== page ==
Territory of Orleans
|Territory of Orleans|
|Organized incorporated territory of the United States|
The Territory of Orleans in 1805
|• Type||Organized incorporated territory|
|William C. C. Claiborne|
|Thomas Bolling Robertson|
|October 1 1804|
|April 30 1812|
|Today part of||United States|
The Territory of Orleans or Orleans Territory was an organized incorporated territory of the United States that existed from October 1, 1804,  until April 30, 1812,  when it was admitted to the Union as the State of Louisiana.
|Source: 1810 |
In 1804, all of the Louisiana Purchase south of the 33rd parallel became the Orleans Territory, and the remainder became the District of Louisiana. (The District of Louisiana was later renamed the Louisiana Territory; and still later, when the Orleans Territory became the State of Louisiana, the Louisiana Territory was renamed the Missouri Territory.)
The Organic Act of 1804, passed on March 26 for October 1 implementation, also created the United States District Court for the District of Orleans—the only time Congress has ever provided a territory with a United States district court equal in its authority and jurisdiction to those of the states.  Congress also established the Superior Court for the Territory of Orleans whose three judges were the top territorial court.
On April 10, 1805, the Territorial Legislature organized 12 counties (starting from the southeast corner moving west and north): Orleans County, LaFourche County, German Coast, Acadia County, Iberville County, Attakapas County, Pointe Coupée County, Opelousas County, Rapides County, Concordia County, Natchitoches County, and Ouachita County.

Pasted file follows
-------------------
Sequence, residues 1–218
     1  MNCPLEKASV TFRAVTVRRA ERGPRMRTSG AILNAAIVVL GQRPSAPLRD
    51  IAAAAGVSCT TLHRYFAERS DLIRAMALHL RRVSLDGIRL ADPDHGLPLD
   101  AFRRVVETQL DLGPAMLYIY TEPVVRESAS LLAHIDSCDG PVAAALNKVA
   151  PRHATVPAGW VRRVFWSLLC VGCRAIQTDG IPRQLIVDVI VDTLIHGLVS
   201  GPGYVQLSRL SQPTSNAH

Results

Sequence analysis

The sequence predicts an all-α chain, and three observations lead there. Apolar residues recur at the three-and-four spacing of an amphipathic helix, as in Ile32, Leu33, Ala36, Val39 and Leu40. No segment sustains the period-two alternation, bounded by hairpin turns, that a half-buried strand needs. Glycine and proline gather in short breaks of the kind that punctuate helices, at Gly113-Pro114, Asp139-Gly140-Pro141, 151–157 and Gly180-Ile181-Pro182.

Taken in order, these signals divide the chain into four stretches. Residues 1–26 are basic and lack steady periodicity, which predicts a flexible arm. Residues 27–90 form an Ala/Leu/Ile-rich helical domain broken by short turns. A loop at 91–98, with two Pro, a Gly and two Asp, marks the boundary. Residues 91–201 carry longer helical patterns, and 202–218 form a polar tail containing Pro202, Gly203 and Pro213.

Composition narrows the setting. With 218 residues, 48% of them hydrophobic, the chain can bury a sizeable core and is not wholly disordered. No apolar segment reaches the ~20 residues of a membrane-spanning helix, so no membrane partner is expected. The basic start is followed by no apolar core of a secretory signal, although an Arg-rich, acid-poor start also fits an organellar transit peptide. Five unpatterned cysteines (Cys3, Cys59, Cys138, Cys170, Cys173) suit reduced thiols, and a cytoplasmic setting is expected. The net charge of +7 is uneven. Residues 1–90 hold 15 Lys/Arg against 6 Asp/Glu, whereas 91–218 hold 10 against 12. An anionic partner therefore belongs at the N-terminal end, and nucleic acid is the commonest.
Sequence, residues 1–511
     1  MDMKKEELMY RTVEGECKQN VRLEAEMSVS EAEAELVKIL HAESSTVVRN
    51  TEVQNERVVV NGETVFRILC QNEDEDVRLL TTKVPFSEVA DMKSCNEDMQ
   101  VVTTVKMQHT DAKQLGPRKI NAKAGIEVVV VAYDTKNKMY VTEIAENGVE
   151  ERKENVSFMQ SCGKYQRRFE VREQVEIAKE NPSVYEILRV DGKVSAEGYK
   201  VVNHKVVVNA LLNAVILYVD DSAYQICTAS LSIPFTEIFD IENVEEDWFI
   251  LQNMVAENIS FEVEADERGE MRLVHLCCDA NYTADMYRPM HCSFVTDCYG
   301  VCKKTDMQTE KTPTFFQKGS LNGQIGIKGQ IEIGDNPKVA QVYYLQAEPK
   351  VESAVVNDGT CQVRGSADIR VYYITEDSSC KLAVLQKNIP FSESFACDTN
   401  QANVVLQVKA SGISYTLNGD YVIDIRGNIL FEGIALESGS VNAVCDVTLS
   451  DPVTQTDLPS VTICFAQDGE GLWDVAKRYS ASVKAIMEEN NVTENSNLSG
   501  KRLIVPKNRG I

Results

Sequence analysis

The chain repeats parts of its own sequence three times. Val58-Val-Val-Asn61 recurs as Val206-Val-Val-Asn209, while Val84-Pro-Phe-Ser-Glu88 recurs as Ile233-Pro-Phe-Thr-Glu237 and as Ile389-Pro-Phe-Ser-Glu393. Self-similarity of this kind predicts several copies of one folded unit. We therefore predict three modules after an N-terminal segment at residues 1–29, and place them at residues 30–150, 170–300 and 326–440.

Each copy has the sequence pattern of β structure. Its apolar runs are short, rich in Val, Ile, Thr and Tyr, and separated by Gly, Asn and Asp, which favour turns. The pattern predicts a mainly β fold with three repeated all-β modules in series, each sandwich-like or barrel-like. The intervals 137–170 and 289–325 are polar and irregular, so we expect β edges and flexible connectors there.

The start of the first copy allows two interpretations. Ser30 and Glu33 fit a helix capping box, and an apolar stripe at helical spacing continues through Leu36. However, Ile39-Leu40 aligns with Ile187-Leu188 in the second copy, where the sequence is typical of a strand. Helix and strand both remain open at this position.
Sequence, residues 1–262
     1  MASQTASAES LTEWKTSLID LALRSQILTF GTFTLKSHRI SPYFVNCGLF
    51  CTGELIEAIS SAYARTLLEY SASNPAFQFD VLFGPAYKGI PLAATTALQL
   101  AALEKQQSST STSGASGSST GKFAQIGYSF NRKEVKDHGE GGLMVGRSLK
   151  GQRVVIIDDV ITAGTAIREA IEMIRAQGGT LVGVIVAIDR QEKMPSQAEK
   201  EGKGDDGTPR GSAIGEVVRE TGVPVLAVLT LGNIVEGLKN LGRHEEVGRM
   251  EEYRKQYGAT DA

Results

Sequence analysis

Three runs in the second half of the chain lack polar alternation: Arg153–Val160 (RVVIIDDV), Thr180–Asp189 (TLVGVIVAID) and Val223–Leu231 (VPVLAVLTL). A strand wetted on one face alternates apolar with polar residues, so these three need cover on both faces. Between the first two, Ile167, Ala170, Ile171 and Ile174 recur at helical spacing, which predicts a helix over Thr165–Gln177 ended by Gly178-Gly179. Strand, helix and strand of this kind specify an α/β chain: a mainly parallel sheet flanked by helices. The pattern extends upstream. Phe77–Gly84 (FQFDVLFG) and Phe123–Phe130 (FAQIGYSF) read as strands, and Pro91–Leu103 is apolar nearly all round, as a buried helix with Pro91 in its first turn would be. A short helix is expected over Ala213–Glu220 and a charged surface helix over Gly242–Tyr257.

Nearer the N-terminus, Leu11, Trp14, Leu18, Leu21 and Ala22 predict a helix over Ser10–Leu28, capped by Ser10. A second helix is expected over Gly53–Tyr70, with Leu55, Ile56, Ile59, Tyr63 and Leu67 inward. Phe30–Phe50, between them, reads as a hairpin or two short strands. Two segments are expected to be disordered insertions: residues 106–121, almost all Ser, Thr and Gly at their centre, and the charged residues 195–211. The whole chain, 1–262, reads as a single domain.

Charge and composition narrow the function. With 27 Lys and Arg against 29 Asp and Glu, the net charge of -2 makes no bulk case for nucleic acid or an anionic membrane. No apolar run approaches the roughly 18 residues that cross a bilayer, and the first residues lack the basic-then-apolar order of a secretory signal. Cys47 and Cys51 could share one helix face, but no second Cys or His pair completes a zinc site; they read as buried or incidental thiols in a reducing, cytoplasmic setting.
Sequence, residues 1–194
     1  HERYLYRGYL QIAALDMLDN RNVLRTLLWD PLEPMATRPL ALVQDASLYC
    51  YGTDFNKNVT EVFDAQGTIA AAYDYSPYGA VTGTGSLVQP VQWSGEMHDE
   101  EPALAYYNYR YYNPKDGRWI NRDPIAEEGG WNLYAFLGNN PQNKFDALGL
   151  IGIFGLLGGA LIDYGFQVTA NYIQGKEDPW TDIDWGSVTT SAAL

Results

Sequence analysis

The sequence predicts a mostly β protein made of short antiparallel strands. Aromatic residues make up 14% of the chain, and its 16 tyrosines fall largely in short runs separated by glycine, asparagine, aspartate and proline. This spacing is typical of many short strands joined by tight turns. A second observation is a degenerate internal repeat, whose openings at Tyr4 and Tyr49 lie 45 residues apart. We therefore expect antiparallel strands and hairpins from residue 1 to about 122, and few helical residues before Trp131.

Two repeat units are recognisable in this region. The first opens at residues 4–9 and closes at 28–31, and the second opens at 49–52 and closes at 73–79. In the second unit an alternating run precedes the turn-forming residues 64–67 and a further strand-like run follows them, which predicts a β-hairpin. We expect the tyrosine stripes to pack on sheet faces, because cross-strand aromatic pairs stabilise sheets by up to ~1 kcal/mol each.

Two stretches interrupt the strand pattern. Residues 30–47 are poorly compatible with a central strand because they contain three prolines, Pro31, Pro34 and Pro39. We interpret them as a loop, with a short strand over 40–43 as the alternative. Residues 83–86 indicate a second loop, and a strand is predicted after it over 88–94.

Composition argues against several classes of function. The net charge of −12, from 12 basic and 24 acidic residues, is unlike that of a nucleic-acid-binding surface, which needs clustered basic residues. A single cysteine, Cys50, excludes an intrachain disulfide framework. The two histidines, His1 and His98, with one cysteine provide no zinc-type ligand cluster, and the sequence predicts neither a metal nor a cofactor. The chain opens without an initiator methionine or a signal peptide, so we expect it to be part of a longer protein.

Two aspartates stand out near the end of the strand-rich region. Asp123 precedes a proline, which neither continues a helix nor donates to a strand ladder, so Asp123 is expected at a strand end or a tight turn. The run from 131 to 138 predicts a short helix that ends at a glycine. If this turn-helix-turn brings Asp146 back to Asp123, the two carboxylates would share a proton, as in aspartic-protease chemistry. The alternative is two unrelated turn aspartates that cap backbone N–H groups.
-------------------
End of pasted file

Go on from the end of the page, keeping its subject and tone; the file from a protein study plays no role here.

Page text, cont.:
The Florida Parishes on the east side of the Mississippi River were not included in Orleans Territory at this time, as they were in the Spanish territory of West Florida until they were formally annexed on April 14, 1812.  The western boundary with Spanish Texas was not fully defined until the Adams–Onís Treaty in 1819. A strip of land known as the Sabine Free State just east of the Sabine River served as a neutral ground buffer area from about 1807 until 1819.
The Orleans Territory was the site of the largest slave revolt in American history, the 1811 German Coast Uprising.
There were two Territorial Secretaries, James Brown (1804–1807) and Thomas B. Robertson (1807–1811). Daniel Clark became the first Territorial Delegate to the U.S. Congress, in December 1806. Judge Dominic Augustin Hall was the U.S. District Judge of the Territory.
Judges of the Superior Court were John Bartow Prevost (1804–1808), Ephraim Kirby (1804) (died en route to New Orleans), Peter Stephen Du Ponceau (1804) (declined President Thomas Jefferson's appointment), William Sprigg (1805–1807), George Mathews, Jr. (1805–1813), Joshua Lewis (1807–1813), and Francois Xavier Martin (1810–1813).
- Historic regions of the United States
- Territorial evolution of the United States
- History of Louisiana
- List of parishes in Louisiana
- Florida Parishes
- Spanish West Florida
- United States Congressional Delegations from Orleans Territory
- "An Act erecting Louisiana into two territories and providing for the temporary government thereof"
- "An Act for the admission of the state of Louisiana into the Union, and to extend the laws of the United States to the said state"
- Forstall, Richard L. (ed.). Population of the States and Counties of the United States: 1790–1990 (PDF) (Report). United States Census Bureau. p. 4. Retrieved May 18, 2020.
- U.S. District Courts of Louisiana, Legislative history, Federal Judicial Center.
- 2 Stat. 708, "An Act to enlarge the limits of the state of Louisiana"
- Julien Vernet, Strangers on Their Native Soil: Opposition to United States' Governance in Louisiana's Orleans Territory, 1803-1809. Jackson, MS: University Press of Mississippi, 2013.
- The Political Graveyard Secretaries of Orleans Territory